About the last thing Ashcroft resident Joyce Beddow-Buckland was expecting, as she drove to Calgary on December 20, 2017, was a phone call from Health Minister Adrian Dix, asking if she would accept a two-year appointment to the Board of Directors of Interior Health (IH).
“We had a good conversation,” she says. “He said my name had been put forward by a couple of people. I don’t know who, but I have an idea.”
Beddow-Buckland, now retired, spent more than 30 years on the health-care frontline, as a home support worker, long-term care aide, and in assisted living and recreation, most of it in B.C. “The Minister said they were looking for someone [for the board] who had been a frontline worker in rural B.C.” Beddow-Buckland did the paperwork and filled out the forms, and on January 1 formally accepted the appointment.
She is one of four new IH board members, and joins five returning members who have been on the IH board for some time. She had an opportunity to meet her fellow board members for the first time during a three-day board session in Kelowna earlier this month, which contained a day of orientation and an opportunity to meet IH officials and learn about their mandates (normal board meetings extend over two days). Before attending the session, however, she had to complete an intense six-module online course with an exam at the end. She will be going to Vancouver this week for an education workshop, and notes there is a lot to learn about strategic planning, governance, and much more.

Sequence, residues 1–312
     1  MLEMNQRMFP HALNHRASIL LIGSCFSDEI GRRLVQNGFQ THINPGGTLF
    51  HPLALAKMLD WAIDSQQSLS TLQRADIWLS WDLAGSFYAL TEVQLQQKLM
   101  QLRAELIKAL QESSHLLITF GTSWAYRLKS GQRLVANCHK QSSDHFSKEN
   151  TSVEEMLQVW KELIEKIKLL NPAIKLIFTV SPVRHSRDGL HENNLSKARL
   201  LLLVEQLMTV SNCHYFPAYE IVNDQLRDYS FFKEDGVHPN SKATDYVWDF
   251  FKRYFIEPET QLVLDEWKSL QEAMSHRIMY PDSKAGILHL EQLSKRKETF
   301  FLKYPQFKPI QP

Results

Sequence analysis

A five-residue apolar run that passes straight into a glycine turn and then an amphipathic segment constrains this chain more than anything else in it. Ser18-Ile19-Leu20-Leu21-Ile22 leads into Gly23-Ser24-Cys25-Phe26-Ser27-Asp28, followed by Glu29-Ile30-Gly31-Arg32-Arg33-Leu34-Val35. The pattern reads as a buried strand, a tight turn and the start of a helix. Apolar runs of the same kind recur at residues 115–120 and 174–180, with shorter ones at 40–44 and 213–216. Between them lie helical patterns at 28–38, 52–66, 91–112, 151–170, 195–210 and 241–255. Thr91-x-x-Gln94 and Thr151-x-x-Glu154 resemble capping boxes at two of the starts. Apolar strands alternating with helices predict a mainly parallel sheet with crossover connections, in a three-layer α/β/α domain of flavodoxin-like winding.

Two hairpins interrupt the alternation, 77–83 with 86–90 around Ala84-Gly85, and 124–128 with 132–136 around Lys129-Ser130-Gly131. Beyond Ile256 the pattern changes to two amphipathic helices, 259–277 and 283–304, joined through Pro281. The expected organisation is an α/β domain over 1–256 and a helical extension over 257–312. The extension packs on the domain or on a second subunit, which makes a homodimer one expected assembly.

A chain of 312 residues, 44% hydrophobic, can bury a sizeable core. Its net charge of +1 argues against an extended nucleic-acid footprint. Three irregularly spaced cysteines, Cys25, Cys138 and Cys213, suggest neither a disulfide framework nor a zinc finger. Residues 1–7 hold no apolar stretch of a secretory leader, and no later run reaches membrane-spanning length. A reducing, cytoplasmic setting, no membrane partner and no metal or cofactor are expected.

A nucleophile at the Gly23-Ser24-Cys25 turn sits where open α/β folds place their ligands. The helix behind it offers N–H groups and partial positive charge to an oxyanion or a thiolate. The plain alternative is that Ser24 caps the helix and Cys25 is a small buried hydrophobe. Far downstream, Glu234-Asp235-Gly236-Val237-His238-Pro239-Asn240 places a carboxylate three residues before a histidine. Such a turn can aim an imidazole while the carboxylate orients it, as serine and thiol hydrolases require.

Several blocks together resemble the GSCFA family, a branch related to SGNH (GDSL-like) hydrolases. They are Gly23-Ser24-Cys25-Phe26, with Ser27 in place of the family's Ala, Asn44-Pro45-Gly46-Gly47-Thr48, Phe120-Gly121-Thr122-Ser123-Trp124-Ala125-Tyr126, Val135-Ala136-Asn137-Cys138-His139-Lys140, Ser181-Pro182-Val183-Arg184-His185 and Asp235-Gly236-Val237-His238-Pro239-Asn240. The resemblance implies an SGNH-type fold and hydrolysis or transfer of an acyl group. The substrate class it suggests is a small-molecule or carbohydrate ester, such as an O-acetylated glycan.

Beddow-Buckland says that the nine members come from all parts of the immense region served by Interior Health, and from a diverse group of communities, including Invermere, Williams Lake, Chase, and Nelson. “All the people come with some sort of health-related experience, and everyone brings a perspective from different levels of health-care. It’s a really good mix of people, and everyone seems very involved.”
There are five sub-committees of the board, but Beddow-Buckland says they meet as a whole so everyone knows what is going on. “I thought I would be a seat-warmer, but it’s just the opposite. I feel very comfortable, very welcomed. There are a lot of chances for input, and to ask questions. If I need information that someone doesn’t have at their fingertips, I’ll get an email with the answer.”
She notes that the board members have a lot of common concerns. “We all have input, and people ask great questions. Dr. Doug Cochrane [the board chair, who was appointed in September 2017] is very involved, very compassionate, very positive. He wants things to work well, and wants everyone to be involved.”
Beddow-Buckland says that all the board members, new and returning, were very surprised to receive a personal phone call from Adrian Dix. “Some people who have been on the board for years said they have never spoken with the Health Minister.”
Her passions are rural health-care and seniors’ care. “They’re two very important things. But Interior Health is huge. It goes to the Alberta and Washington State borders and as far north as Williams Lake. It has the largest Indigenous population of any health authority. We have to look at the big picture and fight for all of rural B.C.
“Everything is a process, and we have to be very proactive. Ashcroft is not unique in what we have. We have to make sure we keep what we can get.”